LESSON TWO Some grapes are hipper than others. People in the United States tend to order Chardonnay for white wine and Merlot or Cabernet Sauvignon for red. Not that there’s anything wrong with that. But wine snobs favor grapes that are thought to produce more idiosyncratic and unusual flavors. To them, Riesling is the ultimate white wine; the Pinot Noirs of Burgundy and Nebbiolos (say it with me: “NEH- bee-oh-lows”) of Northern Italy are the favored reds.
“Obsessing about vintage Champagne is also hip,” says Joseph Bastianich, the famed restaurateur and business partner to Mario Batali. “Saying you drink Champagne with food is cool.”
LESSON THREE Get dirty. Most of us think of wine in terms of grapes; wine geeks think about land and soil. You’ll sound like a pro if you can learn a little geography about a few key regions like Burgundy, Bordeaux and Champagne in France; Piedmont in Northern Italy; and California’s Napa Valley. Whenever possible use the word “terroir,” which means the soil and climate where the wine was made. Say something pompous like, “This wine really expresses the terroir of [such-and-such vineyard or region].”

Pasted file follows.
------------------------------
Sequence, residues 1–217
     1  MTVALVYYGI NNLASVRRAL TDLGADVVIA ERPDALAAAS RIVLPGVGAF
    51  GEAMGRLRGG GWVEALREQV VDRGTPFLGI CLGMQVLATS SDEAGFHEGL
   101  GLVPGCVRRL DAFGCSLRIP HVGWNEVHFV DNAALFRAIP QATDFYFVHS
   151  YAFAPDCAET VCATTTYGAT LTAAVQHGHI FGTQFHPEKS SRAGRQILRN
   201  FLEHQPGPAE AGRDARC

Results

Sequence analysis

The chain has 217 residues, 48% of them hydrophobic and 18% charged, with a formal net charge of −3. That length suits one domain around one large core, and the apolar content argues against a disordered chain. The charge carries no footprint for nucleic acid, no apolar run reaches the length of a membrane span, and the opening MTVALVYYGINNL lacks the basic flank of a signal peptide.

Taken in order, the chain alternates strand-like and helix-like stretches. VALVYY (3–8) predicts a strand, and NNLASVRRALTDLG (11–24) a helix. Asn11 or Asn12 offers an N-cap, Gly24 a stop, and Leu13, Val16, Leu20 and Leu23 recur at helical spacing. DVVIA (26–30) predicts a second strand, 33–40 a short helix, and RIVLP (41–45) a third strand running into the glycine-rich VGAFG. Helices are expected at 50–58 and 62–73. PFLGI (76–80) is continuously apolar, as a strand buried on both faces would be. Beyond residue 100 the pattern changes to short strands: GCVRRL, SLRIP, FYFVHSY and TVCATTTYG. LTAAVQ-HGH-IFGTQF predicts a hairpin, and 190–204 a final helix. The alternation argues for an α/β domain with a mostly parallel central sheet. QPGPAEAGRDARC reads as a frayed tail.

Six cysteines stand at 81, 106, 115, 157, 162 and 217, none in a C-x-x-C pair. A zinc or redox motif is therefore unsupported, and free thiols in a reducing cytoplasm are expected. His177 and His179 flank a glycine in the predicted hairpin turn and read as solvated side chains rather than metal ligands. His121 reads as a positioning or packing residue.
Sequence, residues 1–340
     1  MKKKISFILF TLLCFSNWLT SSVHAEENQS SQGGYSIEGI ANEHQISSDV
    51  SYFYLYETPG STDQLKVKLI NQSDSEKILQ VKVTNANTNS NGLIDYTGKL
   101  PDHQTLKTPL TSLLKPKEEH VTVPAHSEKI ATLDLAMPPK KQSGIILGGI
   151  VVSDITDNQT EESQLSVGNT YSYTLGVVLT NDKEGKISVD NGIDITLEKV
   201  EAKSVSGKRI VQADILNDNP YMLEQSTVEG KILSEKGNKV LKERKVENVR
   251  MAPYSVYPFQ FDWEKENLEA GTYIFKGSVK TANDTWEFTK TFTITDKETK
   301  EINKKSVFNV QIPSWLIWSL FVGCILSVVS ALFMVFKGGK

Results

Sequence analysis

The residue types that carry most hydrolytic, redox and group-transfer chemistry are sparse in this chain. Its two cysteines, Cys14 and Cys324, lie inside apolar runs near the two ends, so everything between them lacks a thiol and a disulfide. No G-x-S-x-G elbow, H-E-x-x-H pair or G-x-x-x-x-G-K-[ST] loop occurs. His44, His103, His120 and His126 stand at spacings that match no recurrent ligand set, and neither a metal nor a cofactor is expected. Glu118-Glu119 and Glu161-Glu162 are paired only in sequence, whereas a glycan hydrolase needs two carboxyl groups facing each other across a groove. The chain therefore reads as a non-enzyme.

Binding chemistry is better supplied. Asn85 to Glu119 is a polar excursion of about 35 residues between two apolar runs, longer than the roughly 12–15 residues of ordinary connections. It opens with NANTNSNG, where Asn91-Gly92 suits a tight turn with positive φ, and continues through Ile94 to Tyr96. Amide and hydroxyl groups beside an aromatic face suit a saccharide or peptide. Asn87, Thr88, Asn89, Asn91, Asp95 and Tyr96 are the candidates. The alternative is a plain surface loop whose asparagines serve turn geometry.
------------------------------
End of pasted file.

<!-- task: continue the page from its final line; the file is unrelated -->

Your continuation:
LESSON FOUR Learn how to drink. For heaven’s sake, never, ever grab a wine glass by the bowl! Hold it by the stem, near the base, so you can avoid smudging the glass and warming the wine. Before drinking, place the glass on a table and inscribe a tight circle, swirling the wine to aerate it and release aromas. Stick your nose in the glass and give a mighty sniff. Now sip. Hold the wine in your mouth for a good 30 seconds, sucking air over it. Swallow and note the aftertaste.
And one more thing: “Spitting in a winery tasting room is always a sign of sophistication,” says Mary Ewing-Mulligan, a Master of Wine and co-author of Wine for Dummies. “It sets you apart from the thousands of people who visit wineries and swallow.”
LESSON FIVE Break down the taste. The pros discuss a wine’s taste in three parts, say David Kamp and David Lynch, authors of The Wine Snob’s Dictionary: An Essential Lexicon of Oenological Knowledge. Begin with the “nose,” which means the aroma, and throw around the term “notes” a lot, as in, “I’m getting notes of black currant on the nose.” Then, talk about the “palate,” which means the taste and feel of the wine in your mouth. Finally, analyze the “finish,” or the aftertaste.